In providing standards for men in the same way that it previously has for women, LGBTQ people, and other demographic groups, the APA attempts to right an enduring wrong in a field that has long glossed over how being a man might impact a person’s experiences and well-being. But by making treatment more accepting of men while also critiquing the way many of them see themselves, the group is trying to thread a difficult needle in taking on the nature of masculinity.
Read: Today’s masculinity is stifling
What exactly “traditional masculinity” means depends on who’s talking about it. In science, the term refers to a specific set of traits and behaviors that are considered culturally appropriate for manhood, some of which can become harmful in certain cases. When that happens, it’s “an extreme form of stoicism, dominance, violence, and aggression,” according to McDermott. But he’s quick to note that in many situations, more moderate expressions of those traits, along with other masculine ideals, are totally healthy and advantageous to people of all genders. “Sometimes it’s good to be aggressive. Sometimes it’s good to be dominant,” McDermott says. “But if you operate only on that frame of mind, then what happens when you encounter a situation when you need to be more egalitarian?”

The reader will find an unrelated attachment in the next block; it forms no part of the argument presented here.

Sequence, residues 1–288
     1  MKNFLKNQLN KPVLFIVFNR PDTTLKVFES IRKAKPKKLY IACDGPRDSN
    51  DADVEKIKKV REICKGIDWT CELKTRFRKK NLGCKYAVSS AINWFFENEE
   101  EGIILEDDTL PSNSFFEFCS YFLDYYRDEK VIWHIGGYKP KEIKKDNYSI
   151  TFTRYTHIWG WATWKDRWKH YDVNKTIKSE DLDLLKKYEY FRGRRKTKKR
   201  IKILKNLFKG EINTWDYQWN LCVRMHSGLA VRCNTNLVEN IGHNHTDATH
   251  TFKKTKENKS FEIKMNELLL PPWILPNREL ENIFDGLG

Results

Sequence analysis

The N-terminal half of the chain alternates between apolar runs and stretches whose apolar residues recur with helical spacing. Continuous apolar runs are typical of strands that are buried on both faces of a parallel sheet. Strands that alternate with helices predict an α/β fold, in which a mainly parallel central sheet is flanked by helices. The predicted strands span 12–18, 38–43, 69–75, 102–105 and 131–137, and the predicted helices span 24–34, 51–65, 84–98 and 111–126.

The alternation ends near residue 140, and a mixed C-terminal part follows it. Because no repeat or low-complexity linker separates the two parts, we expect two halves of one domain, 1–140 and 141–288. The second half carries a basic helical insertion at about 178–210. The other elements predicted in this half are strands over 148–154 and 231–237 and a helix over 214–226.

In popular culture, meanwhile, “traditional masculinity” has a fuzzier, broader meaning, which generally encapsulates whatever the person reading or saying it associates with being a man. If McDermott sounds like he’s being careful in his distinctions, it’s because the APA’s efforts to critique masculinity’s most harmful norms have not been universally well received. When an article in the APA’s Monitor magazine characterized traditional masculinity as “on the whole, harmful,” writers for conservative media outlets including National Review and Fox News saw it as an attack on a population that’s suffering exactly the ills the APA hoped to address: elevated levels of depression and anxiety, and higher suicide and overdose rates.
“As we survey a culture that is rapidly attempting to enforce norms hostile to traditional masculinity, are men flourishing?” asks the columnist David French. “And if men are struggling more the farther we move from those traditional norms, is the answer to continue denying and suppressing a boy’s essential nature?”
Joseph Vandello, a social psychologist and professor at the University of South Florida who was not involved in crafting the APA guidelines, can understand why some people aren’t open to the new rules’ point of view. “It’s positioning traditional masculinity as a problem to be solved,” he says. “If you’re a man who holds traditional values, why would you go see a psychologist when the starting point is that traditional masculinity is the problem?” That conflict, he says, might exacerbate an issue the guidelines seek to manage. “Part of the problem among men is that one of the markers of traditional masculinity is independence and rejection of help.”